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Wednesday, Sept. 8, 2010

Q&A

For most, adoption option impractical, iffy


Staff writer

For couples in Japan who can't have a child, adoption is not considered a viable option.

Seiko Noda, 50, a Liberal Democratic Party lawmaker who recently announced she got pregnant by using an egg from a woman in the U.S., wrote in a magazine that she was turned down by a private adoption agency because she works full time and, when she applied, was nearly 50 years old.

Is it difficult to adopt a child in Japan? What are the criteria to be adoptive parents, and how long does it take? Following are questions and answers on adoption in Japan:

Where can couples apply for adoption?

They can either go to a certified private organization or public child consultation center.

Who can adopt a child?

The criteria differ by prefecture and organization, but applicants must be considered a healthy married couple with means of support.

In the case of child consultation centers in Tokyo, applicants must be between the ages of 25 and 49. Their residence must exceed 10 tatami mats, or about 16.6 sq. meters, and have more than two rooms.

According to Hideo Hirakura, director of the Tokyo Metropolitan Government's division for supporting child-rearing, Tokyo couples who both work full time can adopt, but those who work long hours may be turned down.

Can foreigners adopt a child or become foster parents?

Yes, but Hirakura said they have to be fluent in Japanese to be able to communicate with the organization's staff and with a child. Whether a Japanese child will automatically acquire the adoptive parents' nationality depends on the law of their home country, according to the Justice Ministry. If a child eventually opts for the adoptive parents' nationality, Japanese nationality will be erased.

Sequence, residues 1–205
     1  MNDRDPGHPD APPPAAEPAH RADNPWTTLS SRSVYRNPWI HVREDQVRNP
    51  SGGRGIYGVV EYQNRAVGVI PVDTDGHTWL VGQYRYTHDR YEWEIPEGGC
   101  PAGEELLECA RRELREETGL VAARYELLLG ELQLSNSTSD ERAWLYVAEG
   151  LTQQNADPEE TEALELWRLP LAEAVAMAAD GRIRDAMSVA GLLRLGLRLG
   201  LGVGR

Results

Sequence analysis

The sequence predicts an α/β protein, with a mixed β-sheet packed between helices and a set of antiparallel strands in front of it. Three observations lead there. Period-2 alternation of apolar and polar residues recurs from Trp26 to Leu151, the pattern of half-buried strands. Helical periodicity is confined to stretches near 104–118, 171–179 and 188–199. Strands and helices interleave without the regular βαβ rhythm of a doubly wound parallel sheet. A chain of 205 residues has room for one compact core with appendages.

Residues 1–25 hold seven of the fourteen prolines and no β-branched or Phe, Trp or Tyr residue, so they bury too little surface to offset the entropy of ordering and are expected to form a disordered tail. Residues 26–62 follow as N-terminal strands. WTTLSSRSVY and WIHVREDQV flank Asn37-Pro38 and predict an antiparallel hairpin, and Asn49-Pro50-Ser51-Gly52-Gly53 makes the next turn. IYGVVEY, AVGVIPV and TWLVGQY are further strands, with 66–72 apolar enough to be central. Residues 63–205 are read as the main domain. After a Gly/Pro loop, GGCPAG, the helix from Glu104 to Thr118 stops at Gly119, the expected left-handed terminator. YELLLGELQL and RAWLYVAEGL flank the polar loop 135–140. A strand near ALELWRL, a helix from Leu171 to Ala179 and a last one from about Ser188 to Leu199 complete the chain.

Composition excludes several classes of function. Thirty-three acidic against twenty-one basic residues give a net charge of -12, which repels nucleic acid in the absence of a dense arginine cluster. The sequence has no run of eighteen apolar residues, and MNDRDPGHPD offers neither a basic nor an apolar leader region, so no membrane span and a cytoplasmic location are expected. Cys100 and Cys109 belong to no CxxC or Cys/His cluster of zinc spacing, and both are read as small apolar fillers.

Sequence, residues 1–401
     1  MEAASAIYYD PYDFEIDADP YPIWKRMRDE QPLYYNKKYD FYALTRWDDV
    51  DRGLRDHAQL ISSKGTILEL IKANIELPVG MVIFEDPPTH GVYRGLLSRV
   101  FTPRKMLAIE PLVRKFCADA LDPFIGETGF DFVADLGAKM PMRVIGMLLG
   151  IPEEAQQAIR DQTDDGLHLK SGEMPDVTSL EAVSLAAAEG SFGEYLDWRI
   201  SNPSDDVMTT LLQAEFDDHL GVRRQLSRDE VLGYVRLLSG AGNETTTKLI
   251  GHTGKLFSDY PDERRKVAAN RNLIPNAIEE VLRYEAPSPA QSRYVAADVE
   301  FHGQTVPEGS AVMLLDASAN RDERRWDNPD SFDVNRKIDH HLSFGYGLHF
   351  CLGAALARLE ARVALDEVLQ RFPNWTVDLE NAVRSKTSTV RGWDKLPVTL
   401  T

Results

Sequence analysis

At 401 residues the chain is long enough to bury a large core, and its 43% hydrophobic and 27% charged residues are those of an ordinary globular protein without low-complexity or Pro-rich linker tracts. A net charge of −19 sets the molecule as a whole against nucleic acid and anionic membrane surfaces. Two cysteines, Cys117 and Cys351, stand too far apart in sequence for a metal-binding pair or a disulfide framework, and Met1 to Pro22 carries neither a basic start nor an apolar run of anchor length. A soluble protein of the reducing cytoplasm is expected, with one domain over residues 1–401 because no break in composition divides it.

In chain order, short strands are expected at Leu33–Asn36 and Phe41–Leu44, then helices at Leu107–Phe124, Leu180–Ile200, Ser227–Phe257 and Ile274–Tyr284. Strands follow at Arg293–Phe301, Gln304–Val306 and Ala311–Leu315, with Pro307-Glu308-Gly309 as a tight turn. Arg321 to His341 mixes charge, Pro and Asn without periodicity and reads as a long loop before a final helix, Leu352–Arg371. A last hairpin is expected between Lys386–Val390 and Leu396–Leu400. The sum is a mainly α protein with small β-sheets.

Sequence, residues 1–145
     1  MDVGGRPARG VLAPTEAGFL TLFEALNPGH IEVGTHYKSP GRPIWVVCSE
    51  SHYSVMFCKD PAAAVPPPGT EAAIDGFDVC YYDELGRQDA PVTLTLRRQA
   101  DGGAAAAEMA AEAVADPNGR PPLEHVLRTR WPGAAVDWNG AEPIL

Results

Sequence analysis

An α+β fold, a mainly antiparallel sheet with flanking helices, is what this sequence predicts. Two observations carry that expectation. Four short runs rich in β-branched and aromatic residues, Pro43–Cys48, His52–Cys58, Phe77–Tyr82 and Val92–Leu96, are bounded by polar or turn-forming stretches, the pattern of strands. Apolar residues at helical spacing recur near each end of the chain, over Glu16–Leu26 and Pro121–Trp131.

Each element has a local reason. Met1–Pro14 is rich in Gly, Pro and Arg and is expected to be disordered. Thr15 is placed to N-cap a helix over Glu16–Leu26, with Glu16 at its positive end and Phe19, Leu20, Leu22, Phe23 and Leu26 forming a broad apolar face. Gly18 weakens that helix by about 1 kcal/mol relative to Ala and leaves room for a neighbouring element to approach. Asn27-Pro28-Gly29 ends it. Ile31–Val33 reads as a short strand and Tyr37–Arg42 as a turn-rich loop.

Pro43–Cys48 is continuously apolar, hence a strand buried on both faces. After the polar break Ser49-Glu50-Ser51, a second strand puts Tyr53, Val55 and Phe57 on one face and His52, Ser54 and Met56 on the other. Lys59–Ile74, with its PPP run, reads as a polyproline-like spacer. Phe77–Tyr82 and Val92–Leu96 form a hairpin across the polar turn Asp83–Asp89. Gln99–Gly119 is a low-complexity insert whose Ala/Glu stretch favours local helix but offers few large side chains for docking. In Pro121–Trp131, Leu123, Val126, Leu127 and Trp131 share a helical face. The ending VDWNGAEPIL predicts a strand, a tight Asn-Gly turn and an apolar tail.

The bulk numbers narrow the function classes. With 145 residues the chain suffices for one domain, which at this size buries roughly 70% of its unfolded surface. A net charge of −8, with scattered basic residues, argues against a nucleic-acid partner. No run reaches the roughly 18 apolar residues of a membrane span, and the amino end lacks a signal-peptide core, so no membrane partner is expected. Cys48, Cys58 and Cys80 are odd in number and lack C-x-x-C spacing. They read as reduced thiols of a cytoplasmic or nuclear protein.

As for foster parents who take care of children temporarily, they must do so within the community listed on their residency registration.

What kind of adoption procedures must couples follow?

After contacting a private organization or child consultation center, a couple must take classes on being adoptive parents. Then they can apply. Staff from adoption agencies will also visit the couple's home to see if they are suitable for adoption. They go through a six-month trial period with a child, then finally they can make a formal request with a family court, which will examine the situation of both the biological (when they are known) and adoptive parents. If the court approves, the couple can officially adopt.

What are the differences between "special" and "general" adoptions?

Special adoptions are restricted to children less than 6 years old. The child's name is added on the adoptive parents' family registry as a legitimate child.

Under general adoptions, there is no limit on the age of the adoptee, but approval of a legal representative is needed if the child is under 15. The family registry will have the names of both biological and adoptive parents, and the child will be described as "adopted." No trial period is needed for general adoptions. In both systems, couples can't send a child back to a consultation center once the adoption is completed.

If a Japanese couple adopt a child from overseas, what nationality would be recognized?

An infant under the special adoption will still hold the nationality of the nation of birth, according to the Immigration Bureau. Children will not automatically acquire Japanese citizenship after adoption. To obtain Japanese nationality, they are required to be naturalized.

Is the number of adopted children increasing or decreasing?

According the Cabinet Office's report for 2003, 1,500 cases of adoption were approved that year. The number remained almost the same in the preceding decade, the Cabinet Office said.

In the United States, about 127,000 children were adopted in 2001, according to Child Welfare Information Gateway under the Department of Health and Human Services. The number of adoptions has been constant in the U.S. since 1987.

In Tokyo, 139 families seeking to adopt are registered in 2010, but only 36 children have been adopted so far. Hirakura said children without parents are small in number, so the chance of adoption remains low.

Meanwhile, families registered to become foster parents in Tokyo doubled, from 215 in 1998 to 419 in 2010. Hirakura said the metropolitan government has been trying to increase the number of foster parents so more children can be taken care of by a family and not by an institution.


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